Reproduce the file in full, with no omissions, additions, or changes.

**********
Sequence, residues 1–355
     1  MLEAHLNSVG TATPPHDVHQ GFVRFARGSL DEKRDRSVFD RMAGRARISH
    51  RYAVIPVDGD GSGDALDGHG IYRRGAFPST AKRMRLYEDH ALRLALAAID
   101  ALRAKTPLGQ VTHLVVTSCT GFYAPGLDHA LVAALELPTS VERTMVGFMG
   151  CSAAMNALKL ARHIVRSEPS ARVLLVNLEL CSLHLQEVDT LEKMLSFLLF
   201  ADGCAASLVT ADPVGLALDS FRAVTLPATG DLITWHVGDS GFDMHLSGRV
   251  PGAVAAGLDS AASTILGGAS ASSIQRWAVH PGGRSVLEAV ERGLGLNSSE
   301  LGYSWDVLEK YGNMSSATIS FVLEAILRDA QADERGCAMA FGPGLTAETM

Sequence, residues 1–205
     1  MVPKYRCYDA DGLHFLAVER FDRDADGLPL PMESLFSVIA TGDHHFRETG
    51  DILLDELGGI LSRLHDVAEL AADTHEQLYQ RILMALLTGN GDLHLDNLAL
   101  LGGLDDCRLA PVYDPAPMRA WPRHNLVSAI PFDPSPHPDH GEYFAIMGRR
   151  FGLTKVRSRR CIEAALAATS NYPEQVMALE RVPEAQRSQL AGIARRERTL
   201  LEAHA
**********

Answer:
Sequence, residues 1–355
     1  MLEAHLNSVG TATPPHDVHQ GFVRFARGSL DEKRDRSVFD RMAGRARISH
    51  RYAVIPVDGD GSGDALDGHG IYRRGAFPST AKRMRLYEDH ALRLALAAID
   101  ALRAKTPLGQ VTHLVVTSCT GFYAPGLDHA LVAALELPTS VERTMVGFMG
   151  CSAAMNALKL ARHIVRSEPS ARVLLVNLEL CSLHLQEVDT LEKMLSFLLF
   201  ADGCAASLVT ADPVGLALDS FRAVTLPATG DLITWHVGDS GFDMHLSGRV
   251  PGAVAAGLDS AASTILGGAS ASSIQRWAVH PGGRSVLEAV ERGLGLNSSE
   301  LGYSWDVLEK YGNMSSATIS FVLEAILRDA QADERGCAMA FGPGLTAETM

Sequence, residues 1–205
     1  MVPKYRCYDA DGLHFLAVER FDRDADGLPL PMESLFSVIA TGDHHFRETG
    51  DILLDELGGI LSRLHDVAEL AADTHEQLYQ RILMALLTGN GDLHLDNLAL
   101  LGGLDDCRLA PVYDPAPMRA WPRHNLVSAI PFDPSPHPDH GEYFAIMGRR
   151  FGLTKVRSRR CIEAALAATS NYPEQVMALE RVPEAQRSQL AGIARRERTL
   201  LEAHA